Although only one randomized, placebo-controlled trial from Dubey et al. ( 4 ) exists for immunotherapy in autoimmune encephalitis, many observational and case series have been published on it. There is consensus among experts concerning first-line therapy encompassing methylpredisolone and/or IVIG (intravenous immunoglobulins) and/or plasmapheresis (PLEX)/immunadsorption ( 2 , 5 7 ). Second-line immunotherapy consists of rituximab or cyclophosphamide ( 2 , 5 7 ). If methylprednisolone proves effective in first-line therapy, steroid-saving drugs such as mycophenolate or azathioprine might be used for maintenance therapy ( 5 7 ). Alternative therapies are suggested for patients not responding to the aforementioned second-line therapies such as tocilizumab, bortezomib or low-dose interleukin 2 ( 5 7 ). For other drugs that depict a novel escalation treatment strategy such as daratumumab, anti-CD38 antibody-depleting plasma cells seem to alleviate clinical symptoms, but more investigations are required for safety reasons ( 8 ). Results from a large multicenter observational study in 577 patients with N-methyl-D-aspartate-receptor (NMDAR)-encephalitis recommend an early induction of immunotherapy as it could be highly effective and improve the course of the disease ( 9 ). In the study by Titulaer ( 9 ), first-line therapy led to clinical improvement in 251/472 (53%) patients and second-line therapy in 125/221 (56%) patients. Randomized placebo-controlled trial in LGI1 (leucine-rich glioma-inactivated 1) – positive encephalitis patients reported a major benefit regarding cognition and seizures after taking IVIGs compared to placebo treatment in 6/8 (75%) patients ( 4 ). Another large observational study of 103 patients addressed immunotherapy utilizing corticosteroids alone or in combination with either IVIGs or PLEX, and demonstrated a beneficial effect of early immunotherapy concerning seizure frequency and preventing cognitive impairment ( 10 ). In short, the spectrum of therapeutic tools for autoimmune encephalitis is broad and already considered by current national treatment guidelines ( 11 ). Here, a step wise escalation of therapy is preferable, but more clinical placebo-controlled randomized trials in autoimmune encephalitis are needed to compare and validate the efficacy and safety of standard first- and second-line therapies. Several immunological agents are now being carefully investigated, such as the proteasome inhibitor bortezomib in a randomized, multicentric, double blind phase II study in patients with severe autoimmune encephalitis ( 12 ) as the escalation therapy agent. Additional studies also in patients with antibody-associated psychiatric syndromes must be conducted to investigate the efficacy and safety of such immunotherapeutic approaches.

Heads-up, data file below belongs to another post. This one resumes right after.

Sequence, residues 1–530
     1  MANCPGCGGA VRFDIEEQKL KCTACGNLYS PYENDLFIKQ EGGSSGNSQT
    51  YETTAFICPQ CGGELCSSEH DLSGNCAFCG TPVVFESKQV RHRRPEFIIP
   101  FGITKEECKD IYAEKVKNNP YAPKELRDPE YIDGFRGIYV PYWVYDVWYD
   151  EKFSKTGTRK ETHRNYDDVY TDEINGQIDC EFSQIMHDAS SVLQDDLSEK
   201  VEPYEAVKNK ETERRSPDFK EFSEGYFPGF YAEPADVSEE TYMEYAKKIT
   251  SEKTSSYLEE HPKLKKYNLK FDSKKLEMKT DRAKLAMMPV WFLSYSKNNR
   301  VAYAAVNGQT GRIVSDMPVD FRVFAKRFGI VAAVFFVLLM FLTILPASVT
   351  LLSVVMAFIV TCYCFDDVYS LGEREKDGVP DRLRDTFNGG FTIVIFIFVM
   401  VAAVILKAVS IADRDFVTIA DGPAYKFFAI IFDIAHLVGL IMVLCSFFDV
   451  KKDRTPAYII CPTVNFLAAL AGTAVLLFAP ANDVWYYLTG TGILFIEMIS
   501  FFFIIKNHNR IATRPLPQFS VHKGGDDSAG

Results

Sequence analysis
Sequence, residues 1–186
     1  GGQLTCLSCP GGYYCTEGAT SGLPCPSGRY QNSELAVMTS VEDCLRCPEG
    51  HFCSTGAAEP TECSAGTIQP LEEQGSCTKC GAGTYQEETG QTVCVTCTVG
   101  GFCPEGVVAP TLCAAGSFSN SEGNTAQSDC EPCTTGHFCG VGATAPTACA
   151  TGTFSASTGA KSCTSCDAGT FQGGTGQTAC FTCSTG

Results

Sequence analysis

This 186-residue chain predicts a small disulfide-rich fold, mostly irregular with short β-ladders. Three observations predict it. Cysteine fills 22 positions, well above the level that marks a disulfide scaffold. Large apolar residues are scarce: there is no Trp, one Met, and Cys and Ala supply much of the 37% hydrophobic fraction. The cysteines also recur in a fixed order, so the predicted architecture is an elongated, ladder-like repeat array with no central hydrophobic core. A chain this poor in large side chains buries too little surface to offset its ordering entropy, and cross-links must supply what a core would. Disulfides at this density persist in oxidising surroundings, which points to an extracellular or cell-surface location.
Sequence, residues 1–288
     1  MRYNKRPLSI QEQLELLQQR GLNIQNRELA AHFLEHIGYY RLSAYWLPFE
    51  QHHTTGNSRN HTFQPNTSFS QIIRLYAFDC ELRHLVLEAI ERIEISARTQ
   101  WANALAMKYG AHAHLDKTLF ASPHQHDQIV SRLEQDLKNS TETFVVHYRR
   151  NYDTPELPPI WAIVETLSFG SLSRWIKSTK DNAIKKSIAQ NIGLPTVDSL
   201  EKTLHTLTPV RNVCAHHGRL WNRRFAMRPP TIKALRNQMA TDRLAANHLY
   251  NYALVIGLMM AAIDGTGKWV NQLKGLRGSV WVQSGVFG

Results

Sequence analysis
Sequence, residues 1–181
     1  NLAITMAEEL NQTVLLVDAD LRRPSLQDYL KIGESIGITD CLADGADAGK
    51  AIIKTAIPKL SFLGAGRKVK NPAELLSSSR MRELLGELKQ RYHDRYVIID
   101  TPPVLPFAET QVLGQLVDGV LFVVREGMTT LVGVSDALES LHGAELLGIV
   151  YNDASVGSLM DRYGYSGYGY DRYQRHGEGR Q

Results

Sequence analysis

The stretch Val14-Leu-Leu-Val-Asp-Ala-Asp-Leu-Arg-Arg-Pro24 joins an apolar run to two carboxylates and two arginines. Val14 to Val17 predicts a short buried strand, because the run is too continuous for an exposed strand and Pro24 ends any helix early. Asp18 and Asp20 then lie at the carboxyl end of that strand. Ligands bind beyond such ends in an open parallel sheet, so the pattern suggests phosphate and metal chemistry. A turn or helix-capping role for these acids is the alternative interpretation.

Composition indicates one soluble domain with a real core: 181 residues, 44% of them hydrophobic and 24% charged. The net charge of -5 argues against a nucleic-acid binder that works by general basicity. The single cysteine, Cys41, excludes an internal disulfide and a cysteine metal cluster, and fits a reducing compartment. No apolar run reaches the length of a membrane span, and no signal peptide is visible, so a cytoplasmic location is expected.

Lessons From Autoimmune Psychosis and Immunotherapy